JERSEY CITY, N.J. (AP) - It's still training camp, not boot camp.
But the NBA's referees are reporting to a general and he seems the perfect fit for the officials seeking a strong leader to guide them through the toughest times their profession has ever endured.
Ron Johnson, a two-star general who served 32 years in the Army, was hired over the summer as the senior vice president of referee operations. He has just started to meet many of his officials this week during training camp and has made an instant impact.
"I've never seen the morale higher," said Bernie Fryer, who attended camp for 28 years as a referee and is now the NBA's vice president and director of officials.
That's hard to believe coming from a group that's taken as many hits lately as the NBA's referees.
Since the refs arrived here for their six-day camp, Tim Donaghy began serving his 15-month prison sentence for betting on games he officiated and taking cash payments from gambling associates in exchange for information to help them win their bets.
The scandal exploded last summer, and just when Donaghy's former colleagues thought the worst was behind them, blew up again at the worst time, when his lawyer accused them of misconduct and bias during the NBA finals.
"That was a blow to our profession and we took it," veteran referee Joey Crawford said, "and the league was phenomenal supporting us and we supported one another and we got over it. We're getting over it and we're going to move on. We're going to be fine. It's in the past. We have to heal and we're going to."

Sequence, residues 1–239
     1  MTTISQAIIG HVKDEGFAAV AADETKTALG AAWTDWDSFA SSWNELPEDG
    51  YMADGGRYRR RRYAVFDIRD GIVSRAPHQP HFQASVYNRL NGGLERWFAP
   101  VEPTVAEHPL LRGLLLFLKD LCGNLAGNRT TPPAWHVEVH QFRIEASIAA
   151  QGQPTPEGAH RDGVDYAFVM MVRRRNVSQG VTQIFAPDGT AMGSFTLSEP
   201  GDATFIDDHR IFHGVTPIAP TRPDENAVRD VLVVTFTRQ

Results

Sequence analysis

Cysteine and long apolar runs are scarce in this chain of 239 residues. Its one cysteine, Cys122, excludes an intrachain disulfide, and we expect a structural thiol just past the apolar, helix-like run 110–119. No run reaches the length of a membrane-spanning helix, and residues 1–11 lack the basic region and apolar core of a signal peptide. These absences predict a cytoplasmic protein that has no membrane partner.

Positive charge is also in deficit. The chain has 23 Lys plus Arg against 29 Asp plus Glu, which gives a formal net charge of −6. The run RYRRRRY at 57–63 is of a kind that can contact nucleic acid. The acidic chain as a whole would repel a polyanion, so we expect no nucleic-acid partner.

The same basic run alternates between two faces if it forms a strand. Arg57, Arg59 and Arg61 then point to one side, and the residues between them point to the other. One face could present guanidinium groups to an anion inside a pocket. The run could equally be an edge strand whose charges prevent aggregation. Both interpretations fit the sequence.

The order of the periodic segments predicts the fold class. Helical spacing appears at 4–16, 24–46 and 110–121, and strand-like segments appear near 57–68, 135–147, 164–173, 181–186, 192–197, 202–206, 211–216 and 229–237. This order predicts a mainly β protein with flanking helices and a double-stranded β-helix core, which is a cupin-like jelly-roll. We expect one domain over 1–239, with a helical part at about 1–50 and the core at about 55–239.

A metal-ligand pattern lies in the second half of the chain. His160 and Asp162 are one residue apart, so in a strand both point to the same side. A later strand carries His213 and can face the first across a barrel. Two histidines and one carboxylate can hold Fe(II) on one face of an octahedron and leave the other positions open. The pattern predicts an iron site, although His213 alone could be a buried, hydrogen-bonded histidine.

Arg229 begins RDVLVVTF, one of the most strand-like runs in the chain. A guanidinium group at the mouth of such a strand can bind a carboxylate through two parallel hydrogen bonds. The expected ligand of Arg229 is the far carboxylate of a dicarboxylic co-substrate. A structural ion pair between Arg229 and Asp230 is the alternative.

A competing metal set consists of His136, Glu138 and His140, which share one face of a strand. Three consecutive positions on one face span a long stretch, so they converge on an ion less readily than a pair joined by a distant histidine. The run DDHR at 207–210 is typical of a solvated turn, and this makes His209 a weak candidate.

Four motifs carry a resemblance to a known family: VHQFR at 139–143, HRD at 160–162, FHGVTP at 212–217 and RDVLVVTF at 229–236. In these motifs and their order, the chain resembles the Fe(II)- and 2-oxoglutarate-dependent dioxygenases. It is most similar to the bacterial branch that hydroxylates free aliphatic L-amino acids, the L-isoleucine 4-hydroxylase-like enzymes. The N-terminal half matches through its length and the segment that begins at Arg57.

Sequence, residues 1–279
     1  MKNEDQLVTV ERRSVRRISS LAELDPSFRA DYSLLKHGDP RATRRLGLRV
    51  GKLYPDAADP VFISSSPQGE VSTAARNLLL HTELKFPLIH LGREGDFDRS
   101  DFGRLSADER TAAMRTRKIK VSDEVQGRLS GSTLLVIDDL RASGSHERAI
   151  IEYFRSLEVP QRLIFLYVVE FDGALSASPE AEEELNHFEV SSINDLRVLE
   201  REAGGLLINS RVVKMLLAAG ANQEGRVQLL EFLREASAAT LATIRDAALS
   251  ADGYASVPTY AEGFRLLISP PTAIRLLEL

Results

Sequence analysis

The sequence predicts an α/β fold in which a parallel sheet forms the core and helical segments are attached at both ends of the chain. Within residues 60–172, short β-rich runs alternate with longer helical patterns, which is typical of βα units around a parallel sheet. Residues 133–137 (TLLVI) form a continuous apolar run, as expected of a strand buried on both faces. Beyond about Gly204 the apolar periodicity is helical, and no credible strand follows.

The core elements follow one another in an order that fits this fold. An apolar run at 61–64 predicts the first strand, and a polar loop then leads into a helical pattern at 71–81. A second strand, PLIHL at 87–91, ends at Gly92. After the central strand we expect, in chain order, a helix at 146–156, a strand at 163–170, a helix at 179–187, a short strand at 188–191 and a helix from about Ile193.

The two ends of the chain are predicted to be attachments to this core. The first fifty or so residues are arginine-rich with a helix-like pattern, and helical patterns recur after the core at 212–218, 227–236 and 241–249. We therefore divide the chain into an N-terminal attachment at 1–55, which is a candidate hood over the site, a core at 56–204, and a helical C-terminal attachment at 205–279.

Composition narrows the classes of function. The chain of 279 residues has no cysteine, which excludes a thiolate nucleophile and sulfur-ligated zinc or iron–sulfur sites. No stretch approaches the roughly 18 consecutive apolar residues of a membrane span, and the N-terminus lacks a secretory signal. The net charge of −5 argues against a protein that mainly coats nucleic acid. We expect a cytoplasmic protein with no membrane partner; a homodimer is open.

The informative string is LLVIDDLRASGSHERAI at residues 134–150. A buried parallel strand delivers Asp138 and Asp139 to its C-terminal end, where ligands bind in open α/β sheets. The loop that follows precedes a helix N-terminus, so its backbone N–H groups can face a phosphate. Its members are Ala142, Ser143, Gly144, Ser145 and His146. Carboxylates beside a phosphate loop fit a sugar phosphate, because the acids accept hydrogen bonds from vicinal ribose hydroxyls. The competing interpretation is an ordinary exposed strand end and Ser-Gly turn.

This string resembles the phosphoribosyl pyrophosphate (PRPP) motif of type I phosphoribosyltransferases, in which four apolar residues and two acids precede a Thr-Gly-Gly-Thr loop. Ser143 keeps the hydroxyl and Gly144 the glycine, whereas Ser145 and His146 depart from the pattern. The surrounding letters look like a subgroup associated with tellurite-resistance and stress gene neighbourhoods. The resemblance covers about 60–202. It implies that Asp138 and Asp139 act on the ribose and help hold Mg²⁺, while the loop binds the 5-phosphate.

An entirely new referees operations department is in place to help them do that. Besides the appointments of Johnson and Fryer, Joe Borgia became vice president of referee operations.
Johnson, a former deputy commanding general of the U.S. Army Corps of Engineers, was the most surprising hire. He admits to being someone who used to question calls he saw on TV, and joked that he was "uniquely unqualified for this job, (but) since it's a new department, I'm probably the right guy."
Johnson has been learning various officiating procedures and terms, but commissioner David Stern wasn't interested in Johnson's referee skills when he picked him for the new position. He wanted someone to develop and enforce better guidelines and regulations for the officials, such as the rules involving casino gambling that even Stern said had been mishandled.
"I've been in the Army 32 years, I don't tolerate noncompliance," Johnson said. "I mean, we've got rules, we'll follow them."
The sessions Wednesday included reviews of game footage and discussions of calls that were made and missed, quizzes involving rules interpretations, and reminders of areas the officials should focus on in the coming season. There are only three new referees, but even someone like Crawford, entering his 33rd year, said he benefits from some reminders.
"You're always trying to get better," he said. "You cannot believe that you've got this game made as a referee, because I don't even get 100 percent of the plays right in the first quarter. So I'm looking for perfection."
Fryer and Borgia ran most of those sessions, though Johnson, who goes by Ron but is referred to as "the General" by seemingly everyone in the league office, jumped in often.
"I don't think they're afraid, I think everybody is a little bit apprehensive about who the new guy is," Johnson said of the refs. "Am I really their leader, or am I just some guy who's coming in to be a police? No, I'm going to be a leader. Leaders give guys what they need, not necessarily what they want."
Johnson's crew is desperate to move past Donaghy _ Fryer said he was "no factor" and wouldn't even discuss him _ but reminders of the scandal will return soon. Former federal prosecutor Lawrence Pedowitz's report on the league's officiating operations, ordered by Stern, is expected sometime before the start of the season.
Whatever the findings are, Johnson expects the refs to move past them.
"I think they understand they really have to be on their Ps and Qs because people have made some false assertions about them, or false assumptions," Johnson said. "And we'll just perform our way out of this."
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